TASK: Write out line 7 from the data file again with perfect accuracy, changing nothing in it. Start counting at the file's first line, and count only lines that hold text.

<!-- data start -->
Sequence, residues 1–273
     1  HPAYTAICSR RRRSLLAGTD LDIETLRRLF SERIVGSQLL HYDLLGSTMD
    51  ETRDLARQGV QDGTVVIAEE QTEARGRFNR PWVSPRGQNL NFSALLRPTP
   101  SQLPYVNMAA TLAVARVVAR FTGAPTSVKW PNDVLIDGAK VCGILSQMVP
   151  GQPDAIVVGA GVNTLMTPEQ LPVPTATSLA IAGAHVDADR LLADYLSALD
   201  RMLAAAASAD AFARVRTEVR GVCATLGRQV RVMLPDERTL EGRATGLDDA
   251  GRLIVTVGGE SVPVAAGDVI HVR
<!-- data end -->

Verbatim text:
   251  GRLIVTVGGE SVPVAAGDVI HVR